AMSJ » Hazard Management

Hazard Management

hazard management in the mining industry helps control critical risks

Hazard management in mining is fundamental to the safe operation of a mine. Despite a higher than average percentage of workers in the mining sector undertaking formal occupational health and safety training and applying critical risk management practices, the industry still records the second-highest relative workplace fatality rate in the nation.

Similarly, the mining industry also registers a significantly higher than average injury comparison rate, with Safe Work Australia reporting that over the most recent three year period, serious or fatal injuries arose most commonly from vehicular accidents (31%), being hit by a moving object (14%) and slides or cave-ins (10%).

With mine safety conventions traditionally developed and administered by individual states, the move towards a National Mine Safety Framework has endeavoured to entrench uniformity, consistency and collaboration within the industry’s occupational health and safety regime.

This mirrors Safe Work Australia’s development of an overarching national workplace health and safety regime. As the administrative process of harmonising state-administered mine safety conventions into a national protocol progresses, we review a range of potential mine safety hazards and consider a range of practical views on best practice to manage these.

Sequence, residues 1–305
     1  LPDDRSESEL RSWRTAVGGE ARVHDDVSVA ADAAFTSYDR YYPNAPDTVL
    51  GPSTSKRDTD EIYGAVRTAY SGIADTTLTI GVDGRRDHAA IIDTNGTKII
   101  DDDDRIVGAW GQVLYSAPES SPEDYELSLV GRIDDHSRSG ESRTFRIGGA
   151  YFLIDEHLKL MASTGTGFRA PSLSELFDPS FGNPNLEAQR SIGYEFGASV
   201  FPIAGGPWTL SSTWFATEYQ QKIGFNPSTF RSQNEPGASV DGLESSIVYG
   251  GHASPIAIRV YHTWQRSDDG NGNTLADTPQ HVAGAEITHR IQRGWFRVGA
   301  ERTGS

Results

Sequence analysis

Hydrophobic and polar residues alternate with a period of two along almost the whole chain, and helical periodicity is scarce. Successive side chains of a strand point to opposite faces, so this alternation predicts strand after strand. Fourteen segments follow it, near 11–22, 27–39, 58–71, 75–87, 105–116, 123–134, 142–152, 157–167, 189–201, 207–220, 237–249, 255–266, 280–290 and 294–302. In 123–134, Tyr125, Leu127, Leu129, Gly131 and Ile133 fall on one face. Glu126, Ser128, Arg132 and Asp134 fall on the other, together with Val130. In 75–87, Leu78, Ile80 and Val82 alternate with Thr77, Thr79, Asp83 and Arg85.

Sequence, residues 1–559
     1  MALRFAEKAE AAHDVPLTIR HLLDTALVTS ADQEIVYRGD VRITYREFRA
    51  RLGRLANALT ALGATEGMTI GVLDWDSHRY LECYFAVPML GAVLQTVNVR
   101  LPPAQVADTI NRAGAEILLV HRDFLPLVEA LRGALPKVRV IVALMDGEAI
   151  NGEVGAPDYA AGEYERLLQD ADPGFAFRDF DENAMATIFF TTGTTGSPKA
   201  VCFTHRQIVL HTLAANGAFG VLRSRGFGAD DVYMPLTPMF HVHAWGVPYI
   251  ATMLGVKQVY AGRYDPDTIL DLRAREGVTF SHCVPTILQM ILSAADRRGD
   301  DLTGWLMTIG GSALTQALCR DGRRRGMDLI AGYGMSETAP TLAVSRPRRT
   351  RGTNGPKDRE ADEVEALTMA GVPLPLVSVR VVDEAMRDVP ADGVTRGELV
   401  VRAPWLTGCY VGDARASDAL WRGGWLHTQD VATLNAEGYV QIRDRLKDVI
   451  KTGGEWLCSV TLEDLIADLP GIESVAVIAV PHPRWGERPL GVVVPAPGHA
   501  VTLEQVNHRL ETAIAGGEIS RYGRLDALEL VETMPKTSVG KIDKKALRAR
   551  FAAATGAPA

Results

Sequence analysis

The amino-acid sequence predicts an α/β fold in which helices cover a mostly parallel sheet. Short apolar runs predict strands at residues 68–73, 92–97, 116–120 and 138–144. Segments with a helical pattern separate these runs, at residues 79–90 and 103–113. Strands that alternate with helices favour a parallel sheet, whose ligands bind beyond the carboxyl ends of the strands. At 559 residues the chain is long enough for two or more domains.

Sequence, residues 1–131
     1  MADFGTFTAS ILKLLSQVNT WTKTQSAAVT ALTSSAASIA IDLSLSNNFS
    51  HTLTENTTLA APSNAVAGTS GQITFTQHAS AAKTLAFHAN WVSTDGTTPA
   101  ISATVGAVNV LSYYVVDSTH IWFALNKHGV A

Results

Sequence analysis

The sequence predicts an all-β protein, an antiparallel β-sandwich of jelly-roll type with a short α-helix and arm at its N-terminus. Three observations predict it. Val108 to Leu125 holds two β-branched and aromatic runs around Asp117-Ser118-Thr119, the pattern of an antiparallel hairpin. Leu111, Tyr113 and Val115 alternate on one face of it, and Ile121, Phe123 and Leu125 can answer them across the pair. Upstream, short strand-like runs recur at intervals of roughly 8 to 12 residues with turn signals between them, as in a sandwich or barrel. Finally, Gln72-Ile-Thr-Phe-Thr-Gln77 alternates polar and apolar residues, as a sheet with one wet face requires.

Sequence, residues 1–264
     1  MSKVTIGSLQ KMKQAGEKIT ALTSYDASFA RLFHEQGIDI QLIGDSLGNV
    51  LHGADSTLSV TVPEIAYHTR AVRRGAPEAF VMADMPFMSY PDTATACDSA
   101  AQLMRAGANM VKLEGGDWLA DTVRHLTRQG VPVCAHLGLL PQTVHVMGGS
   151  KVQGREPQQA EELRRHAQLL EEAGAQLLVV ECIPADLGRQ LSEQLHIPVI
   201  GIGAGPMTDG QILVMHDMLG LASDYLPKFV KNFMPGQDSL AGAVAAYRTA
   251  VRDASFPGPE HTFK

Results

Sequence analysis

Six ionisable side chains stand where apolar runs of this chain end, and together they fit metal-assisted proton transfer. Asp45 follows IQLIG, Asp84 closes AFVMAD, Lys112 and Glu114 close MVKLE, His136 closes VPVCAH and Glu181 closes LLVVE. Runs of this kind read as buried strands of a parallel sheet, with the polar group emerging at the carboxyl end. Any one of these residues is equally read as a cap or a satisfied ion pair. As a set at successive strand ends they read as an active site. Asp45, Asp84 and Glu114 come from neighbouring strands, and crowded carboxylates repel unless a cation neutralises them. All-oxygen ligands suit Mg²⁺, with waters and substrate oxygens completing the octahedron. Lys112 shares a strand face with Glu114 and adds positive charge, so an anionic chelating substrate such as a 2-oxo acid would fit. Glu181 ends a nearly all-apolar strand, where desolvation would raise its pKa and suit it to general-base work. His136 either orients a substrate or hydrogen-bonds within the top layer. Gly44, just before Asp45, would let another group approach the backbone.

There are a range of hazards in mining operations. We have outlined several of the major hazards below.


hazard management in mining is fundamental to success

Types of hazards in mining

Ground / strata instability hazard management

A 2008 American study identified a number of causal factors for ground and strata instabilities, noting that structural instabilities often resulted from rapid changes in geologic structures, major discontinuities with these structures, damage to the structures from mining activities themselves, in addition to the pernicious effect of excessive groundwater, particularly when coupled with inferior ground control.

The study also noted that human factors such as inadequately designed supports or incorrect installation of supports, often resulting in high horizontal stress, also created hazards to miners on site. The report advocated the imperative to identify such geotechnical risks and to institute appropriate risk management measures as the primary safety control factors to combat potential hazards.

There are three essential components of an effective ground control program: “(1) systematic coordination of geologic structures and stress parameters, (2) state?of?the?art entry and pillar design consideration, and (3) a sound plan of ground support and reinforcement action.” This conclusion is both supported and complemented by local data, with the inquiry into the Beaconsfield Mine rock fall noting that the monitoring of, and response to, seismic activity functions as a necessary additional protective factor, as is the necessity of constructing ground supports equipped to contain stresses well in excess of predicted levels.

A strategic and considered approach to risk management operates as the fundamental mechanism to averting hazards arising from ground or strata instabilities. This strategic approach to ground control risk management was strongly advocated at the 28th International Conference on Underground Mining with discussions surrounding the introduction of the recently developed Roof Fall Index Mapping (RFIM) software as a new predictive methodology to enable clearer identification of potential risks.

In Australia the Mineral Industry Safety and Health Center (MISHC) developed a model and framework for Mineral Industry Risk Management (MIRM). The Mineral Industry Risk Management Gateway (MIRMGATE) is maintained by MISHC and offers a host of tools for assessment, analysis, control, and mitigation of risk.

Inundation and inrush hazard management